One indicator of the expectation gap is that about 40 percent of the state's high school graduates entering two- and four-year public colleges and universities end up having to take remedial courses in core subjects before qualifying to take credit courses, Mr. Chester said.
Consequently, science and history exams are being added to the Massachusetts Comprehensive Assessment System (MCAS). While there is encouraging news about MCAS results at the grade 10 level, Mr. Chester said improving reading results across the state remains a goal.
In talking about his goals as commissioner, Mr. Chester said there are three areas in which he needs to make progress. "The first and foremost is the area of educators," he said. "Teachers are where it happens - kids don't get educated out of my office."
The second area is the department of education's whole approach to school improvement, and the third, curriculum and instruction.
Mr. Chester, who has family ties to the Island, said he first visited Martha's Vineyard as the member of a New England Association of Schools and Colleges accreditation team in the mid-1980s. Although he doesn't know the school district very well, he recognizes the challenges for educators living on an Island.
After arriving on the Vineyard Monday afternoon with his wife and 11-year-old son, Mr. Chester said he talked with two young men, both recent Martha's Vineyard Regional High School graduates. One had not been to college, and the other will be starting college soon. While they both acknowledged that the regional high school offered a wide range of opportunities for a broad liberal arts education, they told him they felt they did not have enough time to explore subjects other than core academic subjects.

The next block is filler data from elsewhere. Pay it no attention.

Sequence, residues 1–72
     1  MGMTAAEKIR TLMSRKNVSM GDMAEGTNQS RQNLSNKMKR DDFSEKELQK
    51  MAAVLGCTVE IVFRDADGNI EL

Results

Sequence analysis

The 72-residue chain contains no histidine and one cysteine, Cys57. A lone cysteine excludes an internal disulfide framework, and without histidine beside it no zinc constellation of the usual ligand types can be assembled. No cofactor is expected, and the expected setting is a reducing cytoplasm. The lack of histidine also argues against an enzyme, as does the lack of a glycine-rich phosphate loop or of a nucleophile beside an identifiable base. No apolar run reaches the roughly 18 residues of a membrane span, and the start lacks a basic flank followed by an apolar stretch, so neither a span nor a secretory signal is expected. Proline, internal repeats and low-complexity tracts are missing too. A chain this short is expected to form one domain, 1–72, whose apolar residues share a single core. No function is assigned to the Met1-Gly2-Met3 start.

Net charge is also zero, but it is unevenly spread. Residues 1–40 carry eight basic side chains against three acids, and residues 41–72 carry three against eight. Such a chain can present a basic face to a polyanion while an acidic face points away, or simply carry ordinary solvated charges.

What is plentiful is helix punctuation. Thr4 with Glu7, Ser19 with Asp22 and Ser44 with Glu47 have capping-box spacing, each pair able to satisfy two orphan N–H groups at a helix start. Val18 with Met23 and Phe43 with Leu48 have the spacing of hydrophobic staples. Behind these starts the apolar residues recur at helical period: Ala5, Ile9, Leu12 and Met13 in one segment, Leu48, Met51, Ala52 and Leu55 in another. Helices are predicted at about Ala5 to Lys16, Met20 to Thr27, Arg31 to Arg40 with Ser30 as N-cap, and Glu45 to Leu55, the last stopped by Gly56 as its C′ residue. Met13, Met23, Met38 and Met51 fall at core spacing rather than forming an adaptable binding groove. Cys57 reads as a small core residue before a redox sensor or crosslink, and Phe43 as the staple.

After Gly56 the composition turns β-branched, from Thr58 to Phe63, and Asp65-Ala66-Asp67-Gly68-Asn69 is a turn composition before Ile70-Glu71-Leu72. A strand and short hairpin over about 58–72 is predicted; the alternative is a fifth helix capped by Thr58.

Mr. Chester suggested that students don't have to end up with trade-offs in course selections if schools integrate English language arts with music and art, and history with literature, for example.
In a question and answer session, high school art teacher Paul Brissette asked, "What's the future of No Child Left Behind [NCLB] if we have a Democratic president next year?"
Mr. Chester, who was instrumental in implementing the NCLB law in Ohio, said there is strong bi-partisan support in Congress for its key elements, particularly accountability, to which both Senator Barack Obama and Senator John McCain are committed.
High school math teacher MaryLee Carlomagno said she does not feel that the MCAS math exam emphasizes knowledge of fundamental math skills, especially those used in everyday life. Mr. Chester said that the exams are designed with input from teachers across the Commonwealth and undergo periodic revision.
"I'm not an apologist for the MCAS," Mr. Chester said. "I'm a believer that nothing narrows the curriculum more than not being able to read or do math. We need to do a better job. We don't have to aim low to get good results on tests."
Returning to thoughts about the opening day of a new school year, Mr. Chester said, "I think of education as a profession that pays forward, and rarely gets paid back. We have to take on faith that our efforts, commitment, and dedication will have effects on lives we may not see."